Home Indiana Agriculture News Northwest Indiana Harvest Still on Schedule Despite Early Season Flooding

Northwest Indiana Harvest Still on Schedule Despite Early Season Flooding

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Northwest Indiana Harvest Still on Schedule Despite Early Season Flooding

Harvest may begin as early as this week for many farmers throughout the state. However, heavy rains and flooding in Northwest Indiana at the beginning of planting season put farmers in that area behind much of the rest of the state. How far behind are they?

According to Marshall County Farm Bureau President Charlie Houin, “Usually we start harvest around September 20th and that’s about where I think we’re going to be just with the late planting dates. We’re still looking at beans that are still putting pods on and still getting some height to them.”

Houin told HAT that he had to do his planting in three stages from the beginning of May through June 3rd when they finished. He said they were in planters every 1-2 weeks during that time as weather allowed. He said he was fearful he’d lose some crop during some drought issues in June, but he said he’s been very impressed with the genetics that pushed them through the dry areas. As for projected yield, Houin says, “It’s really hard to determine yields up in our area because we did have drowned out acres. Zero acres really throws our average off. I’ve seen some fields do really well and some fields do really bad. Overall, I’m thinking that we’re going to land on our average yields up in our area. About 55 bushels per acre on beans and then about 175 (bpa) on our corn.”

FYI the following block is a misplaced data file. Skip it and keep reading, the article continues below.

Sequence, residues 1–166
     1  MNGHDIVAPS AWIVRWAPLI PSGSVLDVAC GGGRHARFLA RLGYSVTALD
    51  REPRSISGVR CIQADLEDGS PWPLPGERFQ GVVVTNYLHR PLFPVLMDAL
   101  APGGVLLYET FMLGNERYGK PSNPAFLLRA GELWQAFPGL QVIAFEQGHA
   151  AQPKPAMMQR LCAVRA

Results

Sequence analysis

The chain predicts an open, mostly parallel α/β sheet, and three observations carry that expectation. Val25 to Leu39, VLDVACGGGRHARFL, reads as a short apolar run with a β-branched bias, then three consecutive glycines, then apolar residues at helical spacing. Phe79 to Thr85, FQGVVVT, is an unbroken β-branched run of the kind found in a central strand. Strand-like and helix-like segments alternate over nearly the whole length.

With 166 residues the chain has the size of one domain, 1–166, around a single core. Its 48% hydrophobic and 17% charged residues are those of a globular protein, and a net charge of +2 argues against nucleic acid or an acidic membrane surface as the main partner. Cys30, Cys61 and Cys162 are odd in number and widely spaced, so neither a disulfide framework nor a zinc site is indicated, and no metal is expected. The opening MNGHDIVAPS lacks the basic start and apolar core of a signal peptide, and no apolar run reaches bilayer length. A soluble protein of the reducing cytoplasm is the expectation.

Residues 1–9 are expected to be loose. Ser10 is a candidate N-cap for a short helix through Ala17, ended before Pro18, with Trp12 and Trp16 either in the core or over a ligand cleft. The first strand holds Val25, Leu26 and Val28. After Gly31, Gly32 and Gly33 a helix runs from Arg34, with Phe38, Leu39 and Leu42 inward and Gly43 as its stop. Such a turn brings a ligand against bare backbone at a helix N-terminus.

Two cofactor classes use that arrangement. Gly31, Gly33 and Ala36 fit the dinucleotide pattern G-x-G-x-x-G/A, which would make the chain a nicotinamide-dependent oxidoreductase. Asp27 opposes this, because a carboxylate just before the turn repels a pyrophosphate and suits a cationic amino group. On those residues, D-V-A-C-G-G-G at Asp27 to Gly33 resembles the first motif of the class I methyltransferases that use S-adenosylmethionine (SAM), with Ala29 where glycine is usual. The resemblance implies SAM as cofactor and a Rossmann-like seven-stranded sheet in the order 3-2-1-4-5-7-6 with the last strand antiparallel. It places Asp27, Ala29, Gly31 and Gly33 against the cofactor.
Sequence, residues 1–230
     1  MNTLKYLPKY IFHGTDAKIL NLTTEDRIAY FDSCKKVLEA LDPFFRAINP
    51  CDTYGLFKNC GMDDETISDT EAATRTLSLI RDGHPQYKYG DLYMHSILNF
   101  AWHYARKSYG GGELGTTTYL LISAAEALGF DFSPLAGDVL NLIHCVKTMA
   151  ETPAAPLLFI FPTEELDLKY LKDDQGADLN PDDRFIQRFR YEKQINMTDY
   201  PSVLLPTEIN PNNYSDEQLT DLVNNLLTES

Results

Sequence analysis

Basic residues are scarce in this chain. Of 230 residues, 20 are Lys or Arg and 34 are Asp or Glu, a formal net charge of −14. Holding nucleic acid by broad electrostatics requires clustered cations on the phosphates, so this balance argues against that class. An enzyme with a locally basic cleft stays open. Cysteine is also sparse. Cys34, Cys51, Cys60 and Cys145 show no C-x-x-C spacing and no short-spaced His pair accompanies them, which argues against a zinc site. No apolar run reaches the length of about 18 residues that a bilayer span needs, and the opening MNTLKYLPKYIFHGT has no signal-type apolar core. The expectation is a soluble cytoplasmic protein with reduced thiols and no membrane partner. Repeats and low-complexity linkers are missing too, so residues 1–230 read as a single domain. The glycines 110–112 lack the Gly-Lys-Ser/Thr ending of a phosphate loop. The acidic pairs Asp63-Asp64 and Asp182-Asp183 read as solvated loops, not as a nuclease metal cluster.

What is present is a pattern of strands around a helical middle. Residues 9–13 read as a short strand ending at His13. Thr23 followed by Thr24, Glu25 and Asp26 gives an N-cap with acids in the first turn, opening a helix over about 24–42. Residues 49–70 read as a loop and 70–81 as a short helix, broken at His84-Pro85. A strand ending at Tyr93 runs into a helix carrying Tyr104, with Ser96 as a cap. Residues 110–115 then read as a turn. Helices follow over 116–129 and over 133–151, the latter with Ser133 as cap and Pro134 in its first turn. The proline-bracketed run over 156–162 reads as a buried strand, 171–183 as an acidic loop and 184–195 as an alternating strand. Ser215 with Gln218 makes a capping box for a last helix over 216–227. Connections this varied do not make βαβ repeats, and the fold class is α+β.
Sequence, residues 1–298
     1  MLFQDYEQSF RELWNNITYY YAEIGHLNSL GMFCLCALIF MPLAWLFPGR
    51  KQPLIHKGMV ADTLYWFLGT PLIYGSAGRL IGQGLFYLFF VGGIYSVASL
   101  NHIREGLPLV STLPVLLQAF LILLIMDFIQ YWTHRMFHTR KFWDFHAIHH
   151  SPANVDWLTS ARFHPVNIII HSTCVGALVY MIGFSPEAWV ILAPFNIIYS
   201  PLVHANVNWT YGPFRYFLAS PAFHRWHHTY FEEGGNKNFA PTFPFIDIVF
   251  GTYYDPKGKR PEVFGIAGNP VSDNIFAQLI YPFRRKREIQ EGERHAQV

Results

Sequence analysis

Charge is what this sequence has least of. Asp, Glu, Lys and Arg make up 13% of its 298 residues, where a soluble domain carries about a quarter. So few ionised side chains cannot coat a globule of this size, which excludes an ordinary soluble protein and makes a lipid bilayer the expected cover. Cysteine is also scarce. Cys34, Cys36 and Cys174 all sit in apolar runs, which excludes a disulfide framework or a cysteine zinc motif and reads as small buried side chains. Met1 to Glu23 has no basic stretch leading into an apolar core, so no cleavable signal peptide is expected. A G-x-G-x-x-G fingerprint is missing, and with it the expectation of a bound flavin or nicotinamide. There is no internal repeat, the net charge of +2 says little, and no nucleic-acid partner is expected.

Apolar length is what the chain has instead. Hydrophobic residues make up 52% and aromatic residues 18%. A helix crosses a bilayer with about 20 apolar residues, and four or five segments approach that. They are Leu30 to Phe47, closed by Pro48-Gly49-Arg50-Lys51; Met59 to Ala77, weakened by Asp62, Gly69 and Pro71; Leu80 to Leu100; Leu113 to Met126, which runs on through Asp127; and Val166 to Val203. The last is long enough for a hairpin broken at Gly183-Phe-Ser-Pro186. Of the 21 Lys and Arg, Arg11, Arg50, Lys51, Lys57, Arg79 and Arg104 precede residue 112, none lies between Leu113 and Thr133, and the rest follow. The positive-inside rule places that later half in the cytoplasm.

Houin projected that about 5% of his farm was flooded out this season. Contributing to that flooding was action taken by the Indiana Department of Natural Resources when the Kankakee River came out of its banks. Houin says they are making progress on that issue.

“We’re working with them on the Grand Kankakee Marsh. We’re really excited about that project and we hope to get that project moving where we can get some of our flood waters off our fields a little bit quicker. And holding the DNR accountable and IDEM accountable for their actions where they actually back up water onto farmers because they don’t allow us to remove logs from our rivers.”